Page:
It's a motoring magazine’s nightmare! Three vans from three manufacturers being relaunched at the same time, but coming off the same production line.
Three foreign launches to attend and three sales and marketing pitches to listen to, all for what is essentially the same product.
We must be fair and give equal coverage to all but we have two major problems. We couldn’t spare a staffer to attend one of the launches and editor Trevor Gelken missed the flight to Italy to attend another of the test drives (a first in 11 years).
So let’s get the apologies out of the way first and we’ll get down to the serious business of bringing you the lowdown on our new triplets – the Citroën Relay, Peugeot Boxer and Fiat Ducato. To all those at Fiat who paid for the editor’s plane ticket to Milan and left without him while he was sitting forlornly in a queue on the M25: we’re truly sorry. Apparently we missed a splendid ‘do’ in Italy and it will take us a long time to live down that particular misdemeanour.
To all those at Peugeot who invited Fleet Van to drive the new Boxer in France, we’re truly sorry that staff problems meant we couldn’t attend. Once again, by all accounts, the driving and other associated activities were first class.
Which leaves the Citroën Relay.
For our on-the-road impressions featured later, when we say ‘Citroën’, readers can think ‘Peugeot’ or ‘Fiat’ as all three vans are identical apart from the badges and a few minor spec differences. So let’s get down to the nitty gritty...
THERE are four vehicle lengths available, on three wheelbases and with a choice of three roof heights. The vans have been designed to offer improved comfort and stability, thanks to wishbone and McPherson front suspension with an anti-roll bar and single or dual leaf springs at the rear. Air suspension is also an option at the back end, offering a kneeling function to provide a low floor height for loading and unloading.
Three Euro IV engines are available, two based on a 2.2-litre motor along with a range-topping 3.0-litre powerplant. The base 2.2-litre offers 100bhp with 184lb-ft of torque available from 1,500-2,800rpm. This engine comes mated to a five-speed manual gearbox.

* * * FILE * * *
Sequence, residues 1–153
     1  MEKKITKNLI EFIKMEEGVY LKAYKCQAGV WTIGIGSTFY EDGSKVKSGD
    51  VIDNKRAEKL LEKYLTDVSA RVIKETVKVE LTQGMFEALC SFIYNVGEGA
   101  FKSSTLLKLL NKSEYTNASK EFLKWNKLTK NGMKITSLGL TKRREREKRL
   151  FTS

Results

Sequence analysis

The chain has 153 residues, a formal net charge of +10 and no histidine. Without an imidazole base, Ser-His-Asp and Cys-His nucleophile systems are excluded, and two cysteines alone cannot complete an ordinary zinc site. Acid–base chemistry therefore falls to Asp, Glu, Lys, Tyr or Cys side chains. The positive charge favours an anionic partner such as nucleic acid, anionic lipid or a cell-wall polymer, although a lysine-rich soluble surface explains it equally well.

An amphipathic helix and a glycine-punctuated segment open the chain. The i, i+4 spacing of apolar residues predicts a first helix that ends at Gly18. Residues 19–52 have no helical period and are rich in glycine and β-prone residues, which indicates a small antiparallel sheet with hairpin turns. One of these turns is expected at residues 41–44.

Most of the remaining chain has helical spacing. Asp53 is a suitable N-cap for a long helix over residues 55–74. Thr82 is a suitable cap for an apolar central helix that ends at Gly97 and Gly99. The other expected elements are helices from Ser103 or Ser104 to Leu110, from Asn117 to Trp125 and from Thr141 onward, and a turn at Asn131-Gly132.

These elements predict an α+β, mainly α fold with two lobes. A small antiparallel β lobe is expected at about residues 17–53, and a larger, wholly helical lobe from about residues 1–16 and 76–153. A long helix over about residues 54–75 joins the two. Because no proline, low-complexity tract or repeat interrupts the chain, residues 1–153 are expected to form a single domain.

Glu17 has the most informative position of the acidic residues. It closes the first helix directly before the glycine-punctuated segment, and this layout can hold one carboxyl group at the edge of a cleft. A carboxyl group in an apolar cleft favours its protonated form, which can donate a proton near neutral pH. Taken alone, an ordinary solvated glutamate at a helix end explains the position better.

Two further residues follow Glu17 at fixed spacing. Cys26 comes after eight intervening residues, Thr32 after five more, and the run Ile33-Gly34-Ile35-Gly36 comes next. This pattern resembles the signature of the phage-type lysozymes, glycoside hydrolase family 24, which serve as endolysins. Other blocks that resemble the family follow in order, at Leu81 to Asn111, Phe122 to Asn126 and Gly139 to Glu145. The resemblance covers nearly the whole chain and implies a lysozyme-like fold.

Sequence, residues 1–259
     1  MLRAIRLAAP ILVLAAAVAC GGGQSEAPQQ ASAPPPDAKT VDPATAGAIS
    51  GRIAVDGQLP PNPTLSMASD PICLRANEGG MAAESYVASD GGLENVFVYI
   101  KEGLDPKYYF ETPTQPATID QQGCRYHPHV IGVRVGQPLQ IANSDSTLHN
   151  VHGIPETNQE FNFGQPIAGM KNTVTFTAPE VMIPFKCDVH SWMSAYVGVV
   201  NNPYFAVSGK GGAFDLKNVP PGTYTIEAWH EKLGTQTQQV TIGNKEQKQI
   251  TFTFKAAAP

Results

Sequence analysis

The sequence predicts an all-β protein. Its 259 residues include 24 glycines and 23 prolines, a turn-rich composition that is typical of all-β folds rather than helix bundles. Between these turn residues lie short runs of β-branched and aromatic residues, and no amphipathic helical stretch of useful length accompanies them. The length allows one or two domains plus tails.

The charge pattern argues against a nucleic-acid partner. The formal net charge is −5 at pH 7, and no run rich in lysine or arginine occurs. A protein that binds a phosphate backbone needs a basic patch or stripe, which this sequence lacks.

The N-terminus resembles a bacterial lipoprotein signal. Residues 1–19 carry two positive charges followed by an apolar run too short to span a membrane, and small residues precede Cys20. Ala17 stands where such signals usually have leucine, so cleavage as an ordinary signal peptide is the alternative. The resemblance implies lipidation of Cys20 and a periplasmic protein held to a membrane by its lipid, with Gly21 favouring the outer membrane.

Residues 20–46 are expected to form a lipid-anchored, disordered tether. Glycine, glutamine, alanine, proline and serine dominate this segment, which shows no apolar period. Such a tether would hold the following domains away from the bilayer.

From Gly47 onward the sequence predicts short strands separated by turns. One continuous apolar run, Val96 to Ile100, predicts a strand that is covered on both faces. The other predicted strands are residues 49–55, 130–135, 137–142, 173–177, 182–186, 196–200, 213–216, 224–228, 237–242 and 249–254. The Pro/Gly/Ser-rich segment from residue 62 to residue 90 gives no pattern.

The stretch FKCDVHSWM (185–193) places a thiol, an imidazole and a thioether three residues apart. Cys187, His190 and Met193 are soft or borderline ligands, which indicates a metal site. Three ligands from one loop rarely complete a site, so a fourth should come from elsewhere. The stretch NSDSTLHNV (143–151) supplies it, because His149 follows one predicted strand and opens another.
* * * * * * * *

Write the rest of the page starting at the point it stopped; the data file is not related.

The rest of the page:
The mid-range engine, which is expected to account for 40-50% of UK sales, has 120bhp on tap backed up by 236lb-ft of torque at a slightly higher 2,000-2,300rpm.
The top-of-the-range 3.0-litre comes with 157bhp and 295lb-ft of torque at 1,700-2,550rpm. Both the higher-powered 2.2-litre engine and the 3.0-litre motor have a six-speed manual gearbox. At present there are no plans to offer either an automatic transmission or an automated manual box.
The engines sit behind what can only be described as a distinctive nose, which juts out below the bonnet line. It’s a striking design, with the headlights well up out of harm’s way above a three-piece main bumper.
Following current trends, however, indicator repeaters are mounted in the outer edge of the door mirrors, which means that they’ll be the first things to get hit by careless drivers.
The vans have disc brakes all round and ABS with brake assist is standard. ASR and ESP remain on the options list, however. It’s a similar story inside, where the driver’s airbag comes as standard, but passenger, side and curtain airbags are cost options.
Elsewhere inside it’s all good news. The dash layout is really good, with more storage compartments than even the most harassed driver could ever fill.
What’s more, they are useful storage compartments that actually work, rather than simply ledges that will lose their load at the first roundabout.
Perhaps reflecting the move into higher gross weights, you can even order the van with a suspended driver’s seat, which makes it a very comfortable place in which to spend the day.
At the rear, the load volumes go from 8-17cubic metres.
A large sliding side door is standard and the rear doors offer full height access to the interior.
However, you will have to go to the options list again if you want the rear doors to open to 270 degrees.
Access to the rear has been made easier though, as the new broader rear bumper offers a wide non-slip step.
If you are prepared to spend a bit more from the options list, and the fact that the current model sales are split equally between fleets and small independent businesses suggests that some owners will, you can add air conditioning, parking assistance with a rear view camera, a CD player, Bluetooth phone connection and navigation systems.
On the road
FLEET Van tried the mid-range Citroën Relay 120bhp van, in medium wheelbase and mid-height roof configuration, on a variety of roads to the north of Paris.
The lasting impression of the drive was just how quiet it was. Our test vehicles had a full height bulkhead, which helps to keep noise down, but on the move the engine was barely audible.
The test vehicles were unladen, which meant that 120bhp was more than enough to ensure rapid progress and a very relaxed cruise. The dash-mounted gearshift was a bit notchy, but other testers reported that this was variable depending on the van. Perhaps a few more miles on the clock would see that ease.
Steering and handling were almost car-like, and it was easy to place the van on the road and in the corners. This was helped by good visibility to the front and sides and wide mirrors.
As mentioned, a suspension seat made the drive very comfortable, but even from the new passenger seat the ride was smooth and composed.
FIRST impressions are extremely favourable, although it must be noted that while the Sevel trio has been upgraded, the opposition Ford Transit and Mercedes-Benz Sprinter also have blistering new models out this year.
As first UK vans become available for testing here, we’ll be hearing a lot more of these three.
Gross vehicle weight (kg): 3,000-4,000
Payloads (kg): 1,000-2,000
Load volumes (cu m): 8-17
Max power (bhp): 100-157
Max torque (lb-ft): 184-295